"What Will You Do For Autism" Asks Iowa Boy to Each GOP Candidate
Media Standards Trust and Hacked Off Director, Martin Moore, Stonewalls Over Evan Harris and Brian Deer’s Investigation

Touch, See, Feel, Move:The Brookwood Community in Texas and the Autism Epidemic

Dan Burns and BenThank you to Leigh Attaway Wilcox for allowing us to highlight this article. To read the full article, please click over to AutismSpot.com. 

By Dan E. Burns

“We don’t just believe in miracles,” my guide told me, “we rely on them.” White-haired and in her eighties now, striding ahead of me cell phone in hand, my guide, called “Me-Maw” by some of the residents who to flock around her, prefers to remain anonymous.  “I didn’t build this wonderful place,” she explained. “It’s God’s doing.”

She opened door after door as we made our way through clusters of busy citizens in the ceramic workshops, gym, natatorium, and clinic to a fine, on-campus restaurant near the gift shop and gardens of The Brookwood Community, a 495-acre residential/educational village designed to enhance the lives of adults with disabilities. Brookwood provides opportunities to learn, to grow socially, emotionally, vocationally, spiritually, and to contribute to society. That’s the vision. And for most of the 120 residents here, including those with autism, it seems to work.

And “work” is the keynote. Stained glass windows in the non-sectarian chapel portray hands decorating ceramics, potting seedlings, shaping clay.  These are some of the community’s enterprises, which also include dozens of greenhouses, swards of poinsettias, bluebonnet place settings, and a hat factory. One measure of their success: Brookwood Community produces nearly $5 million a year in enterprise income through sales of merchandise created mostly by its citizens. That goes a long way – though not all the way – toward the covering the bills. Brookwood is a private pay facility, but most of the citizens are on scholarships. The community accepts no government funding. How do they manage? Like many other teachers, researchers, and parents, I’d come in search of the lessons of their success.

Brookwood came into being through the efforts of parents, volunteers and donors who recognized that there are 30 million adults with functional and intellectual disabilities in the United States. Due largely to the autism epidemic, “DD” (Developmentally Disabled) adults are among the fastest growing segments of society, a national challenge. As father of a 24-year-old son with autism and chair of the Autism Trust USA, I’m keenly aware that a tsunami of young adults with Autism Spectrum Disorder is surging through the school system. When they graduate, we’re going to need a lot of places like Brookwood in central Texas and beyond. How to replicate the model? “We’re working on that,” my guide told me. “We don’t have all the answers. One thing we know for sure: if God is your co-pilot, you’d better switch seats.”   To read the entire article, please click into The Autism Spot. 

Dan E. Burns, Ph.D., is the father of a 24-year-old son on the autism spectrum and the author of Saving Ben: A Father’s Story of Autism. Dr. Burns is Adult Issues Liaison for AutismOne. He chairs The Autism Trust USA, (www.theautismtrustusa.org), a 501(c)3 charity focused on empowering parents to organize communities where their ASD children and others can live and work, enjoy life, continue to heal, and give back to society.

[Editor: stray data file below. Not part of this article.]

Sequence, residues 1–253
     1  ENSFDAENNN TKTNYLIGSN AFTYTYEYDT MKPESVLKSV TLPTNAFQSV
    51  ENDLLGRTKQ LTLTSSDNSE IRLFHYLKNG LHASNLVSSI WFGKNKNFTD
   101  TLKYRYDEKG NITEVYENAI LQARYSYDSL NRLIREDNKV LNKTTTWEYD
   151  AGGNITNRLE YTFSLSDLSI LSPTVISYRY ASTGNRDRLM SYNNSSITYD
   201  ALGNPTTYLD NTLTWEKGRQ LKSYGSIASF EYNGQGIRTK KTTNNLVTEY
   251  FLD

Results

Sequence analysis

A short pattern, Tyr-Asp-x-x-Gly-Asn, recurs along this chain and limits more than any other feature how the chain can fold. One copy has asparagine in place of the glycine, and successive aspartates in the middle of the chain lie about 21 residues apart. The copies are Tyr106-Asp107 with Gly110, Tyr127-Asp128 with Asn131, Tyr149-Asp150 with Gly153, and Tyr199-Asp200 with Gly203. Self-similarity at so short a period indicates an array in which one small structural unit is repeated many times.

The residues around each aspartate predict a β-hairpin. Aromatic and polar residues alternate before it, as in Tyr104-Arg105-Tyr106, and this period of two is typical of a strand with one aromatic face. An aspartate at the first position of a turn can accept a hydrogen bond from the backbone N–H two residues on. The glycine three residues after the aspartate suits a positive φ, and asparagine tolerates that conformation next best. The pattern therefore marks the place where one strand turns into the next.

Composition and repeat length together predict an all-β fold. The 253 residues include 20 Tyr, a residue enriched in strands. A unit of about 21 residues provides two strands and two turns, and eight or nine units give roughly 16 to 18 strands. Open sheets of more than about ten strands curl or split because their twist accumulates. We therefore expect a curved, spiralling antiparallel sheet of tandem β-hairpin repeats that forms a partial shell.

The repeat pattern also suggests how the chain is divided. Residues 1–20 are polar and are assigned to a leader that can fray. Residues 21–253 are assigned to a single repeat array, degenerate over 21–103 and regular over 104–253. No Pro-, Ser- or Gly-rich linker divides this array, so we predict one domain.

Mark L. Olson

I am so excited to read about Brookwood. Their financial and funding model is exactly what we're developing at LTO Ventures (www.ltoventures.org). I am very impressed with Dan Berns and The Autism Trust USA, and now grateful that he has written about Brookwood. And thank you AoA for publishing the link to Dan's blog so I could learn about Brookwood. The population we will serve is described in my guest post on the Autism Speaks blog yesterday - http://blog.autismspeaks.org/2012/01/04/autisms-fly-over-population/.

Aimee Doyle

Awesome program! What a great story to read. I'm going to learn more about the community. Wish we had something like this in Maryland. My son Rory is 22 and we see every day the dearth of quality adult services.

Anyone local (DC, Maryland, Virginia) who wants to get together with me to plan this, email me privately at [email protected]

On a side note, we've had my son in exercise programs since he was 5 -- various adapted sports such as adaptive soccer, Special Olympics, and (most recently) disabled ice hockey. I think it's been great for both his cognitive and his physical health. He's in the middle of the ASD spectrum.


Donna L.

Wow - that's a hefty dose of Hope for a Thursday morning! Thank you so much!

Verify your Comment

Previewing your Comment

This is only a preview. Your comment has not yet been posted.

Your comment could not be posted. Error type:
Your comment has been saved. Comments are moderated and will not appear until approved by the author. Post another comment

The letters and numbers you entered did not match the image. Please try again.

As a final step before posting your comment, enter the letters and numbers you see in the image below. This prevents automated programs from posting comments.

Having trouble reading this image? View an alternate.


Post a comment

Comments are moderated, and will not appear until the author has approved them.

Your Information

(Name and email address are required. Email address will not be displayed with the comment.)